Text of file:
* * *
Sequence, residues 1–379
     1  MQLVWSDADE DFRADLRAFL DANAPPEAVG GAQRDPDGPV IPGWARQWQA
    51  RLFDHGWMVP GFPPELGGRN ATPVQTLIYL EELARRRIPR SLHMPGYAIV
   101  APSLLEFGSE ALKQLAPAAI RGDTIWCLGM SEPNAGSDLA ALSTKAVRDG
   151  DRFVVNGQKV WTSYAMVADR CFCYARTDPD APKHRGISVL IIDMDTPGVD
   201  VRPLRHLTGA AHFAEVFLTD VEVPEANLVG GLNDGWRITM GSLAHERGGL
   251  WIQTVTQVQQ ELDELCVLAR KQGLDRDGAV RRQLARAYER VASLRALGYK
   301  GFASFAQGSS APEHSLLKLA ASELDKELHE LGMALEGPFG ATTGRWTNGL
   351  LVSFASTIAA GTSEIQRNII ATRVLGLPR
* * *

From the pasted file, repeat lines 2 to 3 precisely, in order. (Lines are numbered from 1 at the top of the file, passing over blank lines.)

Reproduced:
     1  MQLVWSDADE DFRADLRAFL DANAPPEAVG GAQRDPDGPV IPGWARQWQA
    51  RLFDHGWMVP GFPPELGGRN ATPVQTLIYL EELARRRIPR SLHMPGYAIV